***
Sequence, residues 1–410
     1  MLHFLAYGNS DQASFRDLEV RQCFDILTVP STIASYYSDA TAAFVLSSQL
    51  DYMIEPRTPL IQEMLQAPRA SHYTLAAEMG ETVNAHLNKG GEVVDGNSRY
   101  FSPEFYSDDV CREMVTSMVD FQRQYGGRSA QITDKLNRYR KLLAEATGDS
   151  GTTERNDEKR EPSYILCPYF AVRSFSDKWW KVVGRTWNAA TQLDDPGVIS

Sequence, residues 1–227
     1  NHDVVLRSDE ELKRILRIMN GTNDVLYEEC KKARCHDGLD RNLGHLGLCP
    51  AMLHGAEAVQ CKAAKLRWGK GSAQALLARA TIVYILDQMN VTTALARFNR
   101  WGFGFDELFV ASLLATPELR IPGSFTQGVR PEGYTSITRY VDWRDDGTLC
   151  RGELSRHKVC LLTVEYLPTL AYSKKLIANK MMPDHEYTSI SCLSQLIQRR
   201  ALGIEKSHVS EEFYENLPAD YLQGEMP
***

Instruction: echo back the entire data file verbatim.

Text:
Sequence, residues 1–410
     1  MLHFLAYGNS DQASFRDLEV RQCFDILTVP STIASYYSDA TAAFVLSSQL
    51  DYMIEPRTPL IQEMLQAPRA SHYTLAAEMG ETVNAHLNKG GEVVDGNSRY
   101  FSPEFYSDDV CREMVTSMVD FQRQYGGRSA QITDKLNRYR KLLAEATGDS
   151  GTTERNDEKR EPSYILCPYF AVRSFSDKWW KVVGRTWNAA TQLDDPGVIS

Sequence, residues 1–227
     1  NHDVVLRSDE ELKRILRIMN GTNDVLYEEC KKARCHDGLD RNLGHLGLCP
    51  AMLHGAEAVQ CKAAKLRWGK GSAQALLARA TIVYILDQMN VTTALARFNR
   101  WGFGFDELFV ASLLATPELR IPGSFTQGVR PEGYTSITRY VDWRDDGTLC
   151  RGELSRHKVC LLTVEYLPTL AYSKKLIANK MMPDHEYTSI SCLSQLIQRR
   201  ALGIEKSHVS EEFYENLPAD YLQGEMP